PrEP for MSM Cannot Wait

 PrEP for MSM Cannot Wait 

The Leading Global Network on MSM & HIV (MSMGF) Calls for Communities of Men Who Have Sex With Men Worldwide to Rally Behind Sexual Health Strategies
July 15, 2015 (Oakland,CA)–MSMGF calls for the widespread availability of and access to pre-exposure prophylaxis (PrEP) as an integral part of comprehensive sexual health programs for men who have sex with men (MSM), ahead of the International AIDS Society’s Conference on HIV Pathogenesis, Treatment, and Prevention Conference in Vancouver, July 19-22.

Clinical guidelines for the use of PrEP among MSM are set forth by the World Health Organization (WHO) and the U.S. Centers for Disease Control and Prevention (CDC). Grounded in scientific research, PrEP is a crucial addition to the collection of effective HIV prevention strategies for HIV-negative MSM, including MSM who may be in serodiscordant relationships or MSM who are considered to be at an elevated risk for acquiring HIV. Optimizing the success of PrEP necessitates scaling up comprehensive sexual health programs in close partnership with local MSM-led community-based organizations.

The facts about PrEP bear repeating: 1) PrEP provides a high-degree of protection against new HIV infections when taken as recommended; 2) the use of PrEP does not increase high-risk behavior among MSM; 3) MSM who perceive themselves to be at risk for HIV are more likely to be adherent to PrEP; and 4) the efficacy of PrEP is bolstered when MSM have access to supplementary sexual health initiatives and live in an environment that fosters PrEP adherence. 
“Now is the time to step up community demand for comprehensive sexual health programs that include PrEP,” asserts Dr. George Ayala, Executive Director of MSMGF. “Community-led educational and advocacy campaigns are still sorely needed to ensure availability, access, and uptake to interventions that work.”

Nearly 80% of MSM around the world still lack basic or sufficient HIV prevention services despite the proven efficacy of such interventions.1 Therefore PrEP should not be seen as the sole means of preventing HIV infection, but rather used as part of a comprehensive approach, which includes unfettered access to condoms and lubricants, routine HIV testing, risk-reduction counselling, early anti-retroviral care and treatment for MSM living with HIV, and adherence coaching when PrEP or treatment is offered. In addition, routine screening and treatment for other sexually transmitted infections are critical. These options are most effective when delivered in a non-discriminatory setting where MSM feel safe and welcomed.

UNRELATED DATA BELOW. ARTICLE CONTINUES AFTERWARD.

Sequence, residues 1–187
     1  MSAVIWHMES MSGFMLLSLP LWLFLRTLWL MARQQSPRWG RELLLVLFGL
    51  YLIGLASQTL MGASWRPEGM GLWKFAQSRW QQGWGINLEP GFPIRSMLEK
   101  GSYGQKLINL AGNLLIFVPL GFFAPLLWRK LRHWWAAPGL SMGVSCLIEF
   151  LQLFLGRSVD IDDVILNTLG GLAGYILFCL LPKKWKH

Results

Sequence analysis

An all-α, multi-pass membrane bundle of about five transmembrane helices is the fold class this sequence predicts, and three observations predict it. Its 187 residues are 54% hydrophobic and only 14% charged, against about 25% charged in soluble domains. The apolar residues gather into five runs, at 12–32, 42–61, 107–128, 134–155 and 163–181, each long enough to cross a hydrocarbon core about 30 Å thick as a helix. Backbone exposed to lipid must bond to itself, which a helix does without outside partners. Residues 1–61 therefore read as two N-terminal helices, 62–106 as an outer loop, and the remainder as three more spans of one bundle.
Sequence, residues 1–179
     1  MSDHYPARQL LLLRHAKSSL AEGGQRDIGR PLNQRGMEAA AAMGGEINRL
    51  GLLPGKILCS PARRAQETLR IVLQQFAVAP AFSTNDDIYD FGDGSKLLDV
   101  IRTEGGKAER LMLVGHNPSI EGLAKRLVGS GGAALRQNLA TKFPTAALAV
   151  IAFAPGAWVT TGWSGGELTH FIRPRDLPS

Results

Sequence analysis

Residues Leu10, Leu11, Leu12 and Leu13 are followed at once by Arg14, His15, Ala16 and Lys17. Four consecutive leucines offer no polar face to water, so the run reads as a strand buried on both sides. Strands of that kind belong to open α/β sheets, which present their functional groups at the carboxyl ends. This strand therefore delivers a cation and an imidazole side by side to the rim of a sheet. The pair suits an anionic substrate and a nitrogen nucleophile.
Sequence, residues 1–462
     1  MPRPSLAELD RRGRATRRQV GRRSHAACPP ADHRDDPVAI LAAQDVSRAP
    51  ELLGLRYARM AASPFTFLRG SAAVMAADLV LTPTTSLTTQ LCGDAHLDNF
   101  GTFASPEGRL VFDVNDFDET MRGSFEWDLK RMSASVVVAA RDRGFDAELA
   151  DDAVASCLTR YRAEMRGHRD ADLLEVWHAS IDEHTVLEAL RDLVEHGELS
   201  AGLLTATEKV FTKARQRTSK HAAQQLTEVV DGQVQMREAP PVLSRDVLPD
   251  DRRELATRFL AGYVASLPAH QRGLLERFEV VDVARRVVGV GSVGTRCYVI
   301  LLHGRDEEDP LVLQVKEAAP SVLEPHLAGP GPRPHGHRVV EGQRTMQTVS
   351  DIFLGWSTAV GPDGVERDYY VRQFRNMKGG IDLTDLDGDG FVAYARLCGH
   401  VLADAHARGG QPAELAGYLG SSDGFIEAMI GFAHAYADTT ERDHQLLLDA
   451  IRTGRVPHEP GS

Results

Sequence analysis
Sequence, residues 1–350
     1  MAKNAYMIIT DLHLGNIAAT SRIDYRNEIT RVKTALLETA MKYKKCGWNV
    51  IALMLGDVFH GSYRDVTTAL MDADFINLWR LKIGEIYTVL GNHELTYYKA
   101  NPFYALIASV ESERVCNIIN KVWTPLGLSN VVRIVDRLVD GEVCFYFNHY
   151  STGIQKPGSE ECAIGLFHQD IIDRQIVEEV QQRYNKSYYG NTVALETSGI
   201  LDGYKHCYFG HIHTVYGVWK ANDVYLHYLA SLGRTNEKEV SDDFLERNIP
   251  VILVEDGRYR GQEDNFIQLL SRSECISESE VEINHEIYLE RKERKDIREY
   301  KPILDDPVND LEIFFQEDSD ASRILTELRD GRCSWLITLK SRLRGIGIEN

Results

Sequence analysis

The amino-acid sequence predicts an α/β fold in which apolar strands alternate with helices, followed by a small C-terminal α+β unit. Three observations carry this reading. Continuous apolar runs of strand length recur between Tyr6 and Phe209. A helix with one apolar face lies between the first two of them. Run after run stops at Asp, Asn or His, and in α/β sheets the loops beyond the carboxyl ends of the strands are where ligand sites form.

“We should be advancing public discussion and action around PrEP,” insists Dr. Ayala. “There is unfinished business on the research and implementation fronts that still need watchdogging. New and exciting approaches are on the horizon, including the promise of long-term injectables. The importance of PrEP is bigger than its HIV prevention potential and our actions shouldn’t be clouded by outmoded thinking. PrEP can be a catalyst for mobilizing community through a more progressive vision for the sexual health and wellness of MSM. We can demand more.”

About MSMGF: MSMGF has worked since its founding in 2006 to encourage targeted, tailored, better-resourced, and rights-based sexual health services for gay men and other men who have sex with men (MSM) worldwide, through its advocacy and technical support work. As a global network, MSMGF has successfully influenced HIV responses at the local level through shifts in global- level policies and has effectively utilized public health as an entry point for advancing the human rights of LGBT people. MSMGF currently supports programs in 15 countries.

Jack Mackenroth


1 Arreola,S.,etal.AccesstoHIVpreventionandtreatment for men who have sex with men: Findings from the 2012 Global Men’s Health and Rights Study (GMHR). 2012 [Cited 15 July 2015]; Available from: http://www. 

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